“Sure, the tight ends haven’t quite been as explosive as hoped (42 catches for 292 yards and three scores), but the wide receivers’ incredibly unexpected play outweighs that to the tune of an A. How can the tight ends get so much production when Geno Lewis (29 catches, 495 yards, one TD) and DaeSean Hamilton (36 catches, 502 yards) are hogging it all? If it weren’t for these two playmakers, the season would have a hugely different feel.” — Tim Gilbert
Staff grade: F- (Grades ranged from F to LOL to WN)
“If ‘Football 101: Offensive Line’ was a course here at Penn State, this unit might want to consider using some of their 16 late drop credits. The line has been unable to protect Hackenberg, forcing the sophomore to scramble outside the pocket to buy extra time to throw. Hackenberg is on pace to finish the season with twice as many rushing attempts as last year (35 through five games, compared to 49 total in 2013), and the line is a big reason why. If there’s one player the Lions can’t afford to lose, it’s Hackenberg, and yet the offensive line has allowed 14 sacks — a mark that ranks 107th in the nation. The running game has been abysmal, averaging 3.1 yards per carry and only 101 yards per game. Opposing defenses should start investing in real estate in the Nittany Lions backfield, as Penn State is allowing an average of seven tackles for loss per game. The injury to Miles Dieffenbach in the off-season left only one returning player on the line in senior tackle Donovan Smith, which explains why the young, inexperienced group has struggled. That being said, there are no John Urschels or Stefen Wisneiwskis waiting in the wings, meaning offensive line coach Herb Hand will have his hands full to produce a competent unit against much tougher competition in the Big Ten.” — CJ Doon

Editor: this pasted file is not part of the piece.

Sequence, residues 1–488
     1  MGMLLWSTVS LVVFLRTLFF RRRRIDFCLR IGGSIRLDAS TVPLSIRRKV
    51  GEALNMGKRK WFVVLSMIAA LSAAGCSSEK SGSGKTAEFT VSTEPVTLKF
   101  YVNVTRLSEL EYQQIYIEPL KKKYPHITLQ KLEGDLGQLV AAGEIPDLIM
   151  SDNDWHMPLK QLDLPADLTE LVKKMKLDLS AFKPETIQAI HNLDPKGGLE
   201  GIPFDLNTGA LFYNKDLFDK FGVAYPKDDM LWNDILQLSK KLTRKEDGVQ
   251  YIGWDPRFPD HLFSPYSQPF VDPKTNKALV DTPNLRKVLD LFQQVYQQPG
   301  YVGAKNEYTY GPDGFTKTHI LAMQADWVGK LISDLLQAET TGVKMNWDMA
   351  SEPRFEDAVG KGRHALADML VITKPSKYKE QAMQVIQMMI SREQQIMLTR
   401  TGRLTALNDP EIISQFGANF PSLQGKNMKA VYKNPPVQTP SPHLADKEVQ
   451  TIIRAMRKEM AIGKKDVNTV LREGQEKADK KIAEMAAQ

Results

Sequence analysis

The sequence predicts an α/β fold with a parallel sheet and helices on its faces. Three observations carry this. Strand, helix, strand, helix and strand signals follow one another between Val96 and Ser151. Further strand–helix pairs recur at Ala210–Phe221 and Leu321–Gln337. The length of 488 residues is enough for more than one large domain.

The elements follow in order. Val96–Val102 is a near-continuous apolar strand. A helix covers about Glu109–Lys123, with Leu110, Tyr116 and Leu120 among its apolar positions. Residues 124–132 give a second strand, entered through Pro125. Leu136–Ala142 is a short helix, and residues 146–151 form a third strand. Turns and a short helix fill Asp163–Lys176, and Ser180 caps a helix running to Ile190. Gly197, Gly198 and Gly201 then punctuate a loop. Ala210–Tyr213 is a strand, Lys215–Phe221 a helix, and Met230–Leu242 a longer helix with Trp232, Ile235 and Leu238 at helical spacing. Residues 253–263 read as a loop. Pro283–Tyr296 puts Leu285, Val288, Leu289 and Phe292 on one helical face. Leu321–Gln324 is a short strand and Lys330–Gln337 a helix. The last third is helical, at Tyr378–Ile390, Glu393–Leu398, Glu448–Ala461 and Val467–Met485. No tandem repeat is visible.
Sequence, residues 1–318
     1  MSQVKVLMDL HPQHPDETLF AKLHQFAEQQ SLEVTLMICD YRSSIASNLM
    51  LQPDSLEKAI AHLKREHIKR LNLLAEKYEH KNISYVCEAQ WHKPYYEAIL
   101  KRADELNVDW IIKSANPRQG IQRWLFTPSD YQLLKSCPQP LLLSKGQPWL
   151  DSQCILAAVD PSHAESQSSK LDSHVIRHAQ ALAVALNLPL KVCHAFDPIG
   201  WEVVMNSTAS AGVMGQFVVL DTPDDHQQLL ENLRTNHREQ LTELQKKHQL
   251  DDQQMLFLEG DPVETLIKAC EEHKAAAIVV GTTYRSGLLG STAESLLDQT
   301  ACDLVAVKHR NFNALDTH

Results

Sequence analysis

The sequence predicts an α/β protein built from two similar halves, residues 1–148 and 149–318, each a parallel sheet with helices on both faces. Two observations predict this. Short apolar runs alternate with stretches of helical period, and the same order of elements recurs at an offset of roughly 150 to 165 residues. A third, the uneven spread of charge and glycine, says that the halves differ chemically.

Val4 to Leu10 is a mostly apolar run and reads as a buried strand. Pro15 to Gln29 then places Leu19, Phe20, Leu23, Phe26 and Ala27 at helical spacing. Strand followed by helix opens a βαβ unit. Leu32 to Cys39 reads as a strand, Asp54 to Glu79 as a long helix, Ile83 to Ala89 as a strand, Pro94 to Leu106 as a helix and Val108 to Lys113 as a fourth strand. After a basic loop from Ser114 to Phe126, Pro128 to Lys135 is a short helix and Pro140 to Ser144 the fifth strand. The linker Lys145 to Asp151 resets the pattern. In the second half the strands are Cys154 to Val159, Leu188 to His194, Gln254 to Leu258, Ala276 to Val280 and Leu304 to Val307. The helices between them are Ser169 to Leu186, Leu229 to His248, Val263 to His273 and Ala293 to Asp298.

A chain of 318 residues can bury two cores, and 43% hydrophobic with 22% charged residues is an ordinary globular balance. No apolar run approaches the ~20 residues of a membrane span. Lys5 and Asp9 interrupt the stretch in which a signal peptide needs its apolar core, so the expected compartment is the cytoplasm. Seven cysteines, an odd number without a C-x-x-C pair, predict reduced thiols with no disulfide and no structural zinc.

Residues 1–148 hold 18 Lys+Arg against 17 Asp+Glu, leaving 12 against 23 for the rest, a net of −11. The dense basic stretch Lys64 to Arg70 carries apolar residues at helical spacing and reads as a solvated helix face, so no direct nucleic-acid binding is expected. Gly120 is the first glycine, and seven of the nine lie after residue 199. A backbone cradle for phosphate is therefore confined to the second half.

Staff grade: A
“Perhaps the lone bright spot on the team this season is the defensive line. The front four of Anthony Zettel, Deion Barnes, C.J. Olanyian and Austin Johnson have wreaked havoc on opposing offenses, leading a unit thats totaled 34 tackles for loss, tied for the 16th in the nation. Zettel has been a monster up front, recording seven tackles for loss and three sacks. Olanyian, Barnes, and Johnson combine for another 11 tackles for loss and four sacks. The group is a major reason why Penn State is ranked second in the country in rush defense, allowing a paltry 60.2 yards per game and less than two yards per rush. Backup lineman Parker Cothran (1.5 TFL, 0.5 sack), Evan Schwan (5 tackles), Tarow Barney (1 TFL, 1 sack), Carl Nassib (0.5 TFL, 0.5 sack), and freshman Garret Sickels (1 TFL, 1 sack) have also been impressive in limited game action.” — CJ Doon
“Man, it is nice to see Deion Barnes back in action after a lackluster 2013. It seems many fans have forgotten he was the Big Ten Freshman of the Year in 2012, because in 2013 he tallied only 28 tackles, four for a loss, and two sacks. Those stats didn’t even tell the whole story; it was tough to see him consistently getting eaten up by blockers. This year, he’s back after gaining some offseason weight: 16 tackles, with the exact same TFL and sack numbers as all of 2013 through five games. The Philly product is fun to root for.” — Tim Gilbert